About a month ago, the Inside Washington newsletter (subscribe here) declared Senator Mitt Romney the Most Useful Republican Senator for his willingness to make deals on Covid-19 relief, this as he was weighing whether to vote to confirm Judge Ketanji Brown Jackson to the Supreme Court. A friend of the newsletter suggested we make Most Useful and Most Useless Person in Washington a regular feature, and we’ve decided to go with it.
Both titles will be bestowed on a bipartisan basis – and for its inaugural week, we’ve handed the “most useless” title out to two lawmakers.
On the Democratic side is Senate Majority Leader Chuck Schumer. Earlier this week, the Democratic leader insisted that efforts to pass his party’s legislation to codify Roe v Wadewas not mere grandstanding. But with gnaws now looking moribund after a leaked draft opinion from the court showed the majority ready to strike it down, Democrats’ failed attempt to pass the Women’s Health Protection Act felt sterile and redundant.
That was even before Senator Joe Manchin, the mercurial West Virginia Democrat who loves to drive a stake through the heart of his party’s plans, announced he would vote ”no”. One could make the case that Mr Manchin is to blame for the bill’s failure to garner a simple majority in the upper chamber – but as majority leader, it is Mr Schumer’s job to know how all of his members will vote before he brings a bill to the floor.
Instead, he either knew this would fail and still let it happen, or went ahead without knowing how Mr Manchin would vote.
The truly galling thing is that Mr Schumer knew this would happen, because it happened before. Yet he dragged out the affair nonetheless – and instead of simply getting the Republicans on record, he managed to demonstrate that he couldn’t get all of his Senators in line, proving that the Democratic Party simply doesn’t have the votes to break a filibuster or even change the rules.
At the end of the vote, Vice President Kamala Harris said the vote “makes clear that a priority for all who care about this issue, the priority should be to elect pro choice Democrats.” But it also made clear just how disastrous it was that in 2020, Democrats flopped in two crucial Senate races: North Carolina (the Democratic leader infamously said his ideal candidate would be someone who raised money in a windowless basement) and Maine.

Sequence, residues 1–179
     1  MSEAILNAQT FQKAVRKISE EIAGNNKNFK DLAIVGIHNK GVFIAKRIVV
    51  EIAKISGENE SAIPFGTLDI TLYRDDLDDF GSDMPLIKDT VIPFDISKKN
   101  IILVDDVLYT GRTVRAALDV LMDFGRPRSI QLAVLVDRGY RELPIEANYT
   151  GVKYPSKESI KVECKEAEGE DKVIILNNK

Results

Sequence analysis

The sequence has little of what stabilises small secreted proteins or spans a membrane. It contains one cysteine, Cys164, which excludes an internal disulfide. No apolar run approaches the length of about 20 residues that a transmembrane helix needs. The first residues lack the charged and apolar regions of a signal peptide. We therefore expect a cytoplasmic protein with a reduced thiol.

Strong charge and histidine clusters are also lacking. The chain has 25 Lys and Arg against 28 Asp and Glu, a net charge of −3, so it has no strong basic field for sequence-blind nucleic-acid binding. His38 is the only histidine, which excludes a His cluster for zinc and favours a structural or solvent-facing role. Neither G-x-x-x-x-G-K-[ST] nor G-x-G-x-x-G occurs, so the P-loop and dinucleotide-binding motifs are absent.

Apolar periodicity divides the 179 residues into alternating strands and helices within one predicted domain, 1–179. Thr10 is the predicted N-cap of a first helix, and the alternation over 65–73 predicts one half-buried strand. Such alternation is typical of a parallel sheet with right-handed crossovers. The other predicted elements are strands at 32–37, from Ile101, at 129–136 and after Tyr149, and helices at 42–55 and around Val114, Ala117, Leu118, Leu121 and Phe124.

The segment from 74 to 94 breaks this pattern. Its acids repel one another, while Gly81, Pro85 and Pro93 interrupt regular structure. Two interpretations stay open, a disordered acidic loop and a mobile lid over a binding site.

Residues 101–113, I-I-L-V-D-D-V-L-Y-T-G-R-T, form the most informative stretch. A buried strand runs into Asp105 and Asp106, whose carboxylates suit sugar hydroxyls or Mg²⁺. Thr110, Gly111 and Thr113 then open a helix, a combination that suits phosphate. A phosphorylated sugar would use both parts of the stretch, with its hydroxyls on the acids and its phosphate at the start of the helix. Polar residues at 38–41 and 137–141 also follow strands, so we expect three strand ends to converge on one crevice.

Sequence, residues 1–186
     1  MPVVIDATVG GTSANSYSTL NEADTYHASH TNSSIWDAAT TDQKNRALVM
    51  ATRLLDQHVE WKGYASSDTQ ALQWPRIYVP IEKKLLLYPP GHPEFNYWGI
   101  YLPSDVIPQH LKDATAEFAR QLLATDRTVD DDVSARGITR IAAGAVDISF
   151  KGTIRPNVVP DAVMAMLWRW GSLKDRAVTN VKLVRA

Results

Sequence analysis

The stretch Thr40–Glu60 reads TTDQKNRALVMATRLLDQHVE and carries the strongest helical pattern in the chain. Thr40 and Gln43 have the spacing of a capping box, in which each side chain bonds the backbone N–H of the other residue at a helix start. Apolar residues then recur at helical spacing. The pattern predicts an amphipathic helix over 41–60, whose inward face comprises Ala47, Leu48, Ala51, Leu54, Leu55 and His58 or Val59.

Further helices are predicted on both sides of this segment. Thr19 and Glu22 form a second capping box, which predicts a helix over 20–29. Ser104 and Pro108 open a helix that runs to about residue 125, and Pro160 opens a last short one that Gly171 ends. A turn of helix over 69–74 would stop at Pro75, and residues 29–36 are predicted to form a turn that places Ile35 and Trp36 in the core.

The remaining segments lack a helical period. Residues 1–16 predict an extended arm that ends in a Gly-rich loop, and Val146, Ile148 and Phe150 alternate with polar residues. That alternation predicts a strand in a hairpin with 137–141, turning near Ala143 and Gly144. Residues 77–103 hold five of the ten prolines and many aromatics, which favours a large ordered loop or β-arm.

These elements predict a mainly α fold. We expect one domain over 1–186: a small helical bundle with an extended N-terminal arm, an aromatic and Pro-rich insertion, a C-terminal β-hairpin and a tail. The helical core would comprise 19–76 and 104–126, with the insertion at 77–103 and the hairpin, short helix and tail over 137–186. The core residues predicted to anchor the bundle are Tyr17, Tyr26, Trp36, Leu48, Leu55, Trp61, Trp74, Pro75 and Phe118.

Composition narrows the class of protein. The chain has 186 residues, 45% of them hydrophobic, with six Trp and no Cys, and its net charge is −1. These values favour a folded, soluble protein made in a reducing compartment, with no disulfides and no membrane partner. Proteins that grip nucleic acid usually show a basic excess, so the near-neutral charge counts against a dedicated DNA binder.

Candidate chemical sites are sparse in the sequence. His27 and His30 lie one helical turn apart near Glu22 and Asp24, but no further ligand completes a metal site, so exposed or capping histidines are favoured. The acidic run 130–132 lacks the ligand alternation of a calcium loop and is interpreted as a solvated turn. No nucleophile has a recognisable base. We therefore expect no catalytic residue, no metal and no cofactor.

Speaking of which, our second dubious honor goes to Maine’s Republican Senator, Susan Collins.
When the draft opinion leaked last week, Ms Collins lamented that “it would be completely inconsistent with what Justice Gorsuch and Justice Kavanaugh said in their hearings and in our meetings in my office” – this as if Donald Trump or any Republican president would nominate Supreme Court Justice who wasn’t wholly committed to overturning the decision.
Ms Collins’s feigned naivete was outmatched only by her scrambling for excuses not to vote for Democrats’ legislation. While Democrats might have made progress had they held a vote on the alternative abortion legislation she put forward with fellow GOP moderate Lisa Murkowski, or even allowed Ms Collins to make amendments, the fact she outright announced her opposition even after changed circumstances showed she had already made up her mind about how she would act.
Similarly, if she knew that Democrats would reject her legislation, she should have begun reaching out to them last week to make some kind of accommodation. Instead, she told PBS NewsHour’s Lisa DesJardins that she was trying to come up with new compromise legislation in collaboration with Democratic Senator Tim Kaine of Virginia.
Mr Kaine – who in another world could have been by President Hillary Clinton’s side as she nominated three justices, seemed optimistic when he spoke to your dispatcher earlier this week. “I think she very much wants to code gnaws and Casey,” he said of his colleague, suggesting they could find a path forward even though “she doesn’t like some aspects of WHPA that I like.”
Unfortunately, it looks like Mr Kaine has more faith in the process than Ms Collins does. Speaking to your dispatcher on Tuesday, she tried to lower expectations: “Obviously, I think it’s going to be difficult to get a consensus.”